OECD Science, Technology and Industry Outlook 2010

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In the search for a rapid, sustainable and lasting recovery from the economic crisis, science, technology and innovation are expected to play a driving role. But what are the implications for science and innovation policy? What steps are countries taking to boost their capabilities in these areas? What place are emerging economies likely to occupy in the science, technology and innovation landscape?

The OECD Science, Technology and Industry Outlook 2010 reviews key trends in science, technology and innovation in OECD countries and a number of major emerging economies including Brazil, China, India, Russia and South Africa. Using the latest available data and indicators, it examines topics high on the agenda of economic policy makers, including performance in science and innovation, trends in national science, technology and innovation policies and the design and assessment of innovation policy, including policy interactions and the “policy mix”. It provides individual profiles of the science and innovation performance of each country and relates these to their national context and current policy challenges.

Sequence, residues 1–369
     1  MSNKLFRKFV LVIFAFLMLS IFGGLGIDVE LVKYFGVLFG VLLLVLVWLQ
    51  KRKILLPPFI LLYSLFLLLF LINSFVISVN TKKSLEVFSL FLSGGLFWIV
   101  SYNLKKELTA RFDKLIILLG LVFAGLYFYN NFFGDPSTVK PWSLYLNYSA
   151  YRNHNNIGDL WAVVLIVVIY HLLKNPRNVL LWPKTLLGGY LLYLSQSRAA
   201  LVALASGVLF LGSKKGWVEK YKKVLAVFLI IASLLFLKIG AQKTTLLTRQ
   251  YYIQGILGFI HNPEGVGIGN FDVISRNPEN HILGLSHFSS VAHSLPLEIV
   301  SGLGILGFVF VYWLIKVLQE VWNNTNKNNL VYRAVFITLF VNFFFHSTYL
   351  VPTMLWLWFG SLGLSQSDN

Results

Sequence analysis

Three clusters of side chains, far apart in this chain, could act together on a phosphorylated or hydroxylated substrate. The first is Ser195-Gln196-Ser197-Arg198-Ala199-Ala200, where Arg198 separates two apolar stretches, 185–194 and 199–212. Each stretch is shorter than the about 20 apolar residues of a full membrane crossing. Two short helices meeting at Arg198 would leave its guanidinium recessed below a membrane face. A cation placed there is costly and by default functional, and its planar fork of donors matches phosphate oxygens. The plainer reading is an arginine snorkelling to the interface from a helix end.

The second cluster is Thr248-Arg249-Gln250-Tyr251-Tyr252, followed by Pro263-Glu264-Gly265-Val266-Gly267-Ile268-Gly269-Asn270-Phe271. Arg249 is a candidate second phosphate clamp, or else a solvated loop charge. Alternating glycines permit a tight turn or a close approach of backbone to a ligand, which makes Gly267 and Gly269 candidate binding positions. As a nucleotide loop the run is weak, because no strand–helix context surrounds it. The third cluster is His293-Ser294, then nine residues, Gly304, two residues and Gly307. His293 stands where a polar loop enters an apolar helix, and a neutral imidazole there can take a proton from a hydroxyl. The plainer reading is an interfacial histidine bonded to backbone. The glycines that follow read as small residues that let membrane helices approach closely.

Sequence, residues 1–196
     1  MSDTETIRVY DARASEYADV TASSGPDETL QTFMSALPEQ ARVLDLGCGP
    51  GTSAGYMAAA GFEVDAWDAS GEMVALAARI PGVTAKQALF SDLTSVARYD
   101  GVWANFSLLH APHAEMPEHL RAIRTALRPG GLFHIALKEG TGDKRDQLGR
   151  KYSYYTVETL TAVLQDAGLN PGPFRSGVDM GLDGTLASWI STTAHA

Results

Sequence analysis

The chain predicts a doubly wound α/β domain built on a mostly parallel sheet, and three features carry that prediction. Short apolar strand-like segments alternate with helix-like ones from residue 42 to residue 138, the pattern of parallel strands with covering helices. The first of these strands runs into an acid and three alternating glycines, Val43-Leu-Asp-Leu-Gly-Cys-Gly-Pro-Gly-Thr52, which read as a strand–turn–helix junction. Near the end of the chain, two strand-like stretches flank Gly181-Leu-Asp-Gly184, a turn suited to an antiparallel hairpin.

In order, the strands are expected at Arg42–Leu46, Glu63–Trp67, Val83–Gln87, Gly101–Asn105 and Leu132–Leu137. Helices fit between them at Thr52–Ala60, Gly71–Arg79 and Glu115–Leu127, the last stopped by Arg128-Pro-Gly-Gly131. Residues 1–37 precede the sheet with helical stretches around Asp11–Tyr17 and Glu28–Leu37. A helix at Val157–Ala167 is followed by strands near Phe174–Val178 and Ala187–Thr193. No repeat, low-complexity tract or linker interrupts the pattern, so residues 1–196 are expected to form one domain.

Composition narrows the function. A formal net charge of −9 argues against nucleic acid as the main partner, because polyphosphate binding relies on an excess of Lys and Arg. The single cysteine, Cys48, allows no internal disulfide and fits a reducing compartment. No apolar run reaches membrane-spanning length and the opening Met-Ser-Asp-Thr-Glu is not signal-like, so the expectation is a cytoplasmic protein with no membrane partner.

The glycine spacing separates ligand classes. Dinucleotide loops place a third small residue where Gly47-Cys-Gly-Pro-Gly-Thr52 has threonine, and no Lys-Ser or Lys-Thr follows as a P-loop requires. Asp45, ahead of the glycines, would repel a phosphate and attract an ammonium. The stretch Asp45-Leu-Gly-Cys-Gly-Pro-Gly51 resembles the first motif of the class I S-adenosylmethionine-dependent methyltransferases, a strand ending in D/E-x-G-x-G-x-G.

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Over the past three decades China’s economy has moved from being largely closed to becoming a major global player. Its innovation system has undergone considerable change and its innovation performance has improved noticeably. Gross expenditure on R&D (GERD) increased consistently from 0.73% in 1991 to 1.5% of GDP in 2008, the equivalent of around 13% of total OECD GERD. Industry funded about 70% of GERD, and the government 24%. Business expenditure on R&D (BERD) was 1% of GDP in 2008, and increased by 27% a year in real terms in the decade since 1997. In 2007, business R&D was equivalent to almost 12% of OECD BERD, up from 2% in 1997.

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